How to Defer Taxes with an Installment Sale of Your Business

October 18, 2023

If you own a small business or investment property, then someday you may want to sell your business or real estate. An installment sale of your business is an advantageous way to avoid a huge tax bill and defer taxes to future years. Read on to learn everything you need to know about an installment sale of your business.

What is an installment sale?

An installment sale is a sale in which the buyer of your eligible business or property pays you at the time of sale with a promissory note including a legal transfer of ownership, then continues to pay you in installments over a pre-determined period of time.

The IRS defines an installment sale as the seller receiving at least one payment after the close of the tax year in which the transaction was conducted. People sell their businesses or investment properties in installments as a way to offset the tax burden of the transaction. Let’s take a look at the tax advantages an installment sale provides.

Advantages of an installment sale

Here are some advantages to consider with an installment sale:

  • Avoid gift taxes - When you sell to a family member, co-owner, or employee, you can avoid gift taxes that would be applied if you sold the property below fair market value or included it with your estate for your heirs.
  • Defer taxes – With payments spread out over time, the tax liability can be deferred years into the future when you may be in a lower tax bracket.
  • Negotiate a better price – You may be able to negotiate a better price in the long-run if the buyer doesn’t owe the full sale price at the time of sale.
  • No third party involvement – You and the buyer can conduct the sale according to your needs without third-party approval or financing.
  • Custom payment schedule – You can create a payment schedule that corresponds with the business’s cash flow, your financial needs, and those of the buyer.

An installment sale also has a few disadvantages, which we’ll discuss next.

Disadvantages of an installment sale

Here are a few disadvantages to installment sales:

  • ⛔️ Added risk – If business cash flow is inconsistent or the buyer is unable to pay the promissory note or taxes, you are still responsible for the capital gains and interest.
  • ⛔️ Capital gains tax – If you choose to sell your business or property rather than gift it, you will owe tax on any capital gains realized from the sale. You can compensate by spreading the tax liability over the life of the installment agreement.
  • ⛔️ Follow IRS guidelines on interest – You will need to charge interest on the installments according to the IRS minimum interest rate guidelines and pay income tax on those interest payments.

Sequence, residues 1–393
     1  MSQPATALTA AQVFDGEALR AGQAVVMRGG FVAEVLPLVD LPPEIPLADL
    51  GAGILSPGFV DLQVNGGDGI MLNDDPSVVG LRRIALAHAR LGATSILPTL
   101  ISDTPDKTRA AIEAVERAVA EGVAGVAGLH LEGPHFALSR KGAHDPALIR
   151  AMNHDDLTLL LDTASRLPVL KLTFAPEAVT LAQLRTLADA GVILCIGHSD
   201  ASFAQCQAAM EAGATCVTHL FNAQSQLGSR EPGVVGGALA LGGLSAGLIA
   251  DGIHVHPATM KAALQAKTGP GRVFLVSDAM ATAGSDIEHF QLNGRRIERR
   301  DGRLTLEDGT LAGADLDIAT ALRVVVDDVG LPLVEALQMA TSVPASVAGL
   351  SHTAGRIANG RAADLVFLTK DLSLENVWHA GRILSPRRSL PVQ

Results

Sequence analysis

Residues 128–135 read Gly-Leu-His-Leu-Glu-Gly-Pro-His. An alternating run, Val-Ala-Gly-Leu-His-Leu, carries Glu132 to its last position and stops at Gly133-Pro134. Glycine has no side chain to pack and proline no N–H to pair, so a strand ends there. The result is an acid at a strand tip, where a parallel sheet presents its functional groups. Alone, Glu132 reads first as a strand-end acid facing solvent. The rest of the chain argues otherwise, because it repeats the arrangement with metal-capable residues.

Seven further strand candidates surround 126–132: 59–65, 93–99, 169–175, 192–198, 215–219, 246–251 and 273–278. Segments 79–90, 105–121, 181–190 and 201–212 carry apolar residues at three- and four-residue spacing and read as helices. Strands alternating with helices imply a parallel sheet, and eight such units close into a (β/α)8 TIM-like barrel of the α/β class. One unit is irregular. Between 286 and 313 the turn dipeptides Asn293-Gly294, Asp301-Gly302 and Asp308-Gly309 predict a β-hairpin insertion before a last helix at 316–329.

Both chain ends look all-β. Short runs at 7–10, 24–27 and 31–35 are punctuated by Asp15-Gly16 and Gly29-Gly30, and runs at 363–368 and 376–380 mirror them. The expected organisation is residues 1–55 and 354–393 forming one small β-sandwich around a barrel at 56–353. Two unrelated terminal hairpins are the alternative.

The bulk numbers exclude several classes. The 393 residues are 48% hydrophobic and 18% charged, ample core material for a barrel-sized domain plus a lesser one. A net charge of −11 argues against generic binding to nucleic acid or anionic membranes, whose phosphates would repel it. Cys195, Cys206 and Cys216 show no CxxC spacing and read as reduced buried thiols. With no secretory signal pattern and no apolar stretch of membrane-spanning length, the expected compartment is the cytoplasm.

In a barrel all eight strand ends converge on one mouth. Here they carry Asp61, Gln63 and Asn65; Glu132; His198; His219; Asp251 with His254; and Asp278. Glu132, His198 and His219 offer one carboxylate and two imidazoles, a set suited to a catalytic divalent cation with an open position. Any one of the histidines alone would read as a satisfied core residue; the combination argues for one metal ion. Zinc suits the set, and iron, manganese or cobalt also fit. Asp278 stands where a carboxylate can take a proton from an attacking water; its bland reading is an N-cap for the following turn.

Even with the disadvantages outlined above, you can follow a few best practices to ensure a successful installment sale of your business.

Best practices for the installment sale of your business

Follow these best practices if you choose to sell your business or investment property in installments:

  • 🌟 Work with financial and legal experts to draw up an agreement that meets your best interests and protects you as the buyer.
  • 🌟 Consider requesting a life insurance policy on the buyer to ensure full payment in the event of an unexpected death.
  • 🌟 Consider placing limits on the buyer’s ability to borrow funding in the future at the risk of the business.
  • 🌟 Consider requiring higher payments in the future if the business outperforms expectations (known as “earn-outs”).

Installment sale cannot be used in several situations

There are a few circumstances in which you cannot use an installment sale. They are:

  • ❌ The sale of inventory consisting of personal property with the exception of property used or produced in farming
  • ❌ The sale of inventory sold in the ordinary course of a trade or business
  • ❌ The sale of stock or securities traded on an established securities market
  • ❌ The sale of depreciable property to a related buyer, unless proof is offered to the satisfaction of the IRS that the sale was not conducted for tax avoidance

If you are considering an installment sale for your childcare business or other investment property, contact the experts at Honest Buck. We can help you evaluate whether this type of transaction may be beneficial in your situation. Reach out to our team of accounting professionals today.

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